Democracy Tree: Social media threats may land faux patriots in prison

DSCN0444-150x150By Amy Kerr Hardin

A firestorm of reprehensible, and possibly illegal, threats were directed at progressive filmmaker and political lightning-rod Michael Moore last week after he tweeted that, while growing-up, his family taught him that snipers were cowardly — a sentiment driven by the death of his uncle from a sniper’s bullet in WWII. Moore did not specifically reference “American Sniper,” the box office film hit directed by Clint Eastwood, but surely it was the inspiration for his statement.

There were vulgar and intimidating remarks targeted at Moore, some with a death threat at the end.
That could be a felony. Under U.S. Code Title 18, Part 1, Chapter 41, § 875(c) certain threats, including perceived threats, are a crime:
“(c) Whoever transmits in interstate or foreign commerce any communication containing any threat to kidnap any person or any threat to injure the person of another, shall be fined under this title or imprisoned not more than five years, or both.”
The legal standard for the definition of a “threat” under this statute has traditionally been recognized by the courts to be in the eyes of the victim, meaning did they, as a reasonable person, feel personally threatened by the remarks? The actual intent of the perpetrator does not enter into the equation. In a court of law — a perceived threat is a real threat, no distinction, no excuses.
In the face of the multitude of ominous social media comments directed at Moore he’s once again sought personal protection. From his Facebook post:
“I only hire Navy SEALS and ex-special forces for when I need security – such as this week, when so-called supporters of those SEALs want me harmed.”
A dozen years ago, prior to the advent of Facebook and Twitter, Moore similarly felt compelled to hire bodyguards in the wake of his then controversial comments about the falsehoods that led us to war in Iraq. His personal security concerns were well-founded with several attacks, including a plot to bomb his home, foiled by law enforcement and private security. Six years later, Moore personally shared some of the details with me, and his distress was still evident.
The U.S. Supreme Court is currently deliberating the case of Elonis v. United States which challenges the standard of what constitutes a threat. Elonis was sentenced to serve nearly four years in prison after posting violent rap lyrics under the pseudonym “Tone Dougie” to a Facebook page threatening his estranged wife. Among them was this post cited by the court:
“There’s one way to love you but a thousand ways to kill you. I’m not going to rest until your body is a mess, soaked in blood and dying from all the little cuts.”
For more than four decades the Supreme Court has held that threats are not protected by the First Amendment, however, they’ve distinguished that “political hyperbole” and “unpleasantly sharp attacks” are not necessarily threats.
The hinge-pin of the Michael Moore Facebook case is whether social media posts are considered private or public speech. Private speech enjoys a higher level of constitutional protection.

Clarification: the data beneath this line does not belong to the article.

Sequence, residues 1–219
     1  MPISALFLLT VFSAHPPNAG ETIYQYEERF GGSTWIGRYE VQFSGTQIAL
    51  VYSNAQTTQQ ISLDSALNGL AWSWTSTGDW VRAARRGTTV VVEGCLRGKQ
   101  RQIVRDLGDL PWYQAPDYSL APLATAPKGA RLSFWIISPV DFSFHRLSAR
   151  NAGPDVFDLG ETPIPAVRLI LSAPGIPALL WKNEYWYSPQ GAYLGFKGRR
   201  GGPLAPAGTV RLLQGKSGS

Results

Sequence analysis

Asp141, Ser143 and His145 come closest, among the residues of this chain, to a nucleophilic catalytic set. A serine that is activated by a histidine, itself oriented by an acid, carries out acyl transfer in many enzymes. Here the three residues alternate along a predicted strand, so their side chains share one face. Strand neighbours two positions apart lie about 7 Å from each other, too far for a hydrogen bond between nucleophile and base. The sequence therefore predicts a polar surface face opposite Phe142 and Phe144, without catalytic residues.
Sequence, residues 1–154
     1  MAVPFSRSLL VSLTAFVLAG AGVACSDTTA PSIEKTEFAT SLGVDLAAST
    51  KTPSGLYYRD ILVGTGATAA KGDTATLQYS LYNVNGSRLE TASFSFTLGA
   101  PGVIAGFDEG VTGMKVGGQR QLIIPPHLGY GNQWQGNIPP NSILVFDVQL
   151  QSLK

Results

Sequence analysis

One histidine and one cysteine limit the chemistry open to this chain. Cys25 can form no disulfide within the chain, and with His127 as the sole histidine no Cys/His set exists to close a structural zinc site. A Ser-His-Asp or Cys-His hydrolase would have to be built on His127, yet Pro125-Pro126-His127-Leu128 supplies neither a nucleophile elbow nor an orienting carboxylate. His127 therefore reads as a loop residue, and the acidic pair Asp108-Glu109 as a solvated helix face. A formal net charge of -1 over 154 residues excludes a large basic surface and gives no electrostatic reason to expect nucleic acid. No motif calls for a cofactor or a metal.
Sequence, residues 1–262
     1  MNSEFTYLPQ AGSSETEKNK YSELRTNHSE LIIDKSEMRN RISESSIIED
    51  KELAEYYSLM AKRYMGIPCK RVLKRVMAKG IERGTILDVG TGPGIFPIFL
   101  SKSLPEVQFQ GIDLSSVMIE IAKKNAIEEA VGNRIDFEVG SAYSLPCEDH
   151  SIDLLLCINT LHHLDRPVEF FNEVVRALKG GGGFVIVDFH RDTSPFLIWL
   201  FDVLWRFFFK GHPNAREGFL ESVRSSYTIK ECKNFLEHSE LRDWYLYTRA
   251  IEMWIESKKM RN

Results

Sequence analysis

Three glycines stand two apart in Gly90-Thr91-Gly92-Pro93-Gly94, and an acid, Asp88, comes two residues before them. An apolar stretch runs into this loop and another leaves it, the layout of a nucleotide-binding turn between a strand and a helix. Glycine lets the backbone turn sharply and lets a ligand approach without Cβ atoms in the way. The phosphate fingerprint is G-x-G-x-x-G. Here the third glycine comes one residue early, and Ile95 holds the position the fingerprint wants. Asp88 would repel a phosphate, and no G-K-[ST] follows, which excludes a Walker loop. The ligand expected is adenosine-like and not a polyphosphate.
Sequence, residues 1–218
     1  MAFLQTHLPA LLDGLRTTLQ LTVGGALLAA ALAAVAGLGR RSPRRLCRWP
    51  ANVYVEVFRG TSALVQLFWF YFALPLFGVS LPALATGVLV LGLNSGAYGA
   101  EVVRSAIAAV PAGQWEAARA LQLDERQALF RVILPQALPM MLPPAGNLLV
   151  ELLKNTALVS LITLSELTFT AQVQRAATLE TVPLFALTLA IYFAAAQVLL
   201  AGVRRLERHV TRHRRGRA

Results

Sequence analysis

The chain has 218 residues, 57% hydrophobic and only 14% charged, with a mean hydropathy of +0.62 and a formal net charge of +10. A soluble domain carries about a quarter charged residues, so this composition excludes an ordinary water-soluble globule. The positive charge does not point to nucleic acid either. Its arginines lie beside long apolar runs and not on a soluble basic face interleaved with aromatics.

There were more than few direct and indirect threats found on Moore’s Facebook page — a public page with many followers. They were disturbing. Democracy Tree catalogued dozens over several hours after Moore’s fateful Tweet.
Moore is not the only person currently under attack for expressing an opinion related to the film about Chris Kyle. Social media snipers took issue with two journalists, Rania Khalek and Max Blumenthal, because they had the temerity to cite some of the less than heroic passages directly from the sniper’s autobiography. The fallout over speaking the truth was reported in The Guardian:
“… last week on Twitter when several liberal journalists drew attention to Kyle’s less Oscar-worthy statements. ‘Chris Kyle boasted of looting the apartments of Iraqi families in Fallujah,’ wrote author and former Daily Beast writer Max Blumenthal. “Kill every male you see,” Rania Khalek quoted, calling Kyle an “American psycho.”
Retaliation from the right-wing twittersphere was swift and violent, as Khalek documented in an exhaustive (and exhausting) post at Alternet.
Not one to shy away from controversy, Moore had much to say in return. With characteristic civility, he makes a compelling case that it’s the bumper sticker patriots who should be taken to task.
“Well, who would know better about hating our troops than those who supported sending them into a senseless war Iraq in the first place? And, for 4,482 of them, a senseless, unnecessary and regrettable death.
“If you supported that invasion, if you voted for George W. Bush and the Republicans and Democrats who backed this war, then you are the ones who have some ‘splainin’ to do. Not me. You.
Social media may seem like the wild west to the right-wing Clint Eastwood crowd — a place where they may fire off at will without consequences. The utter lack of cleverness of their fear-biting (and possibly drunken) comments stands as testament to the authors’ intellectual deficits and lack of adult judgement.
Nay, children have more sense than that.
Post Script: Moore is an Eagle Scout, a card-carrying member of the National Rifle Association, recipient of an NRA marksmanship award asMM-NRA-cert a young man, and decidedly not a foe of the Second Amendment — he just despises America’s obsession with guns and the glorification of unnecessary wars.

1 Comment

  • DAMN STRAIGHT! Prosecute those threatening domestic terrorists – and that’s what they are – to the fullest extent of the law!

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